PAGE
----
1. Please tell us a bit about yourself, both at work and leisure.
I founded DirectID in 2011 with a mission to create convenience, offering new products and services for business and consumers alike using the identity and data that we have with our bank accounts to make our lives, in a digital context, easier.
I simply love being involved in a startup, building things, solving problems and if at least in a small way – changing the world. A bit of a startup junkie who loves working with great people, teams and companies and believe that together as an industry we are stronger than individual companies.
Being involved in startups for most of my adult life I’ve become very iterative in my approach to life. Whether it’s cooking (my personal passion) or anything else we all have an opportunity to constantly improve ourselves and become better people. Maybe that’s why I find habits, psychology and biohacking such interesting topics.
As a believer in a consumer centric world where we own and manage our own data I enjoy getting involved with various groups – fintech related or not. I’m involved in a range from Trust in Digital Life, Fintech groups such as Fintech Scotland and the Fintech Delivery Panel and others. Above and beyond all of that I believe in the huge opportunity for bank data (Open Banking / PSD2) and the global potential it has. This is why I’ve been campaigning for it over the last 10+ years now.
2. Which product or service do you offer, and who are your competitors?
We build products based on bank data, which helps firms onboard their customers quickly, and gain a fuller understanding of them.
DirectID’s suite of products assess bank statement information, affordability and income, allowing our customers to make more informed decisions, faster. This lowers operational costs and enhances customer experience.
Our B2B product, DirectID Insights, helps businesses overcome challenges such as risk, compliance and fraud. It offers a real-time and comprehensive guide to their financial lives, providing solutions such as Income Verification.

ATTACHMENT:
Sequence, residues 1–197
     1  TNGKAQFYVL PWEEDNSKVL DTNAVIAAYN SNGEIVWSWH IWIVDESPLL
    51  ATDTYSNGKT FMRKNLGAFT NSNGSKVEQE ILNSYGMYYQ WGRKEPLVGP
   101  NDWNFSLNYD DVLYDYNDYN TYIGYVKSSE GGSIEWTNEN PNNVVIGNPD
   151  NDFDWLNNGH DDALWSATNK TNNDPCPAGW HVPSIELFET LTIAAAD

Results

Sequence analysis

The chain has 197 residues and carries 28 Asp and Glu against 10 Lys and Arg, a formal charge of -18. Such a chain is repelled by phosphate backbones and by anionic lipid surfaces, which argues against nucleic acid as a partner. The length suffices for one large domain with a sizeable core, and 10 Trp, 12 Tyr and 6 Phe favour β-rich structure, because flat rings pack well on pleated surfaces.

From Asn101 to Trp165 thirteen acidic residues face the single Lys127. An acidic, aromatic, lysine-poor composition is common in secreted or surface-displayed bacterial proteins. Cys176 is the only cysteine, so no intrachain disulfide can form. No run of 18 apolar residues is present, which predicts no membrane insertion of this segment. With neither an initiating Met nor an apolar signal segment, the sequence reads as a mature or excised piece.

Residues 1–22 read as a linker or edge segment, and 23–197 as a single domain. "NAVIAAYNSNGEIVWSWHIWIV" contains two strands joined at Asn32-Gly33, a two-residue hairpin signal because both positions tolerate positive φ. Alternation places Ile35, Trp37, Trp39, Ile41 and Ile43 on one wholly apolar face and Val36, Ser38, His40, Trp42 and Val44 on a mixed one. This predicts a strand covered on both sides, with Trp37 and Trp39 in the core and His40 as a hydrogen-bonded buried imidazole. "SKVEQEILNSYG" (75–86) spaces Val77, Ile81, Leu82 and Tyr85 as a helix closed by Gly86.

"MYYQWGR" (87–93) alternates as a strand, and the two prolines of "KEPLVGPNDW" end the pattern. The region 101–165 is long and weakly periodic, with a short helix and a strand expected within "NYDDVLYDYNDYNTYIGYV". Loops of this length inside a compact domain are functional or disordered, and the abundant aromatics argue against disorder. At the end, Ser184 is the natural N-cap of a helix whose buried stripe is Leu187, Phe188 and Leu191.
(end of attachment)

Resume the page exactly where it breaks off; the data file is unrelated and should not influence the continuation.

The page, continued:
The platform connects to 11,000+ banks globally, and is a leading supplier of Open Banking services in the UK.
The business is authorised by the FCA to provide AISP (Account Information Service Provider) services to the UK market.
3. How did you get the business idea and take it from launch to the first customers?
The idea came years ago when while working with a Personal Financial Management tool I realised that there is even more value from just the data we have with our bank accounts. Financial services provides a global trust network that we can leverage, as individuals, to be able to prove we are who we say we are in a purely digital context. Adding the data on top of this was even more exciting as the data is trusted – it comes directly from your bank. This was before Open Banking as we know it today and also GDPR.
Today we find ourselves in the middle of this space. Originally we started as an identity service, a digital passport, owned and operated by the individual as a self-sovereign service. However a few years ago now we realised that we were still too early for the market (timing is critical to any startup) so we had to pivot. We took the same value proposition but packaged it as a B2B service in a way that the industry (and especially the larger organisations) were more likely to buy it. Along the way we helped establish Open Banking in the UK and now campaign on a global basis for Open Finance and personal data.